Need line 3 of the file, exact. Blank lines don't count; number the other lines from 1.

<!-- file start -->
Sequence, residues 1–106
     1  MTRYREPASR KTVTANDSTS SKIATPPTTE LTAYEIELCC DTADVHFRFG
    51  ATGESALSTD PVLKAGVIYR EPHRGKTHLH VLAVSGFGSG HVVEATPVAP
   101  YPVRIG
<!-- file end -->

    51  ATGESALSTD PVLKAGVIYR EPHRGKTHLH VLAVSGFGSG HVVEATPVAP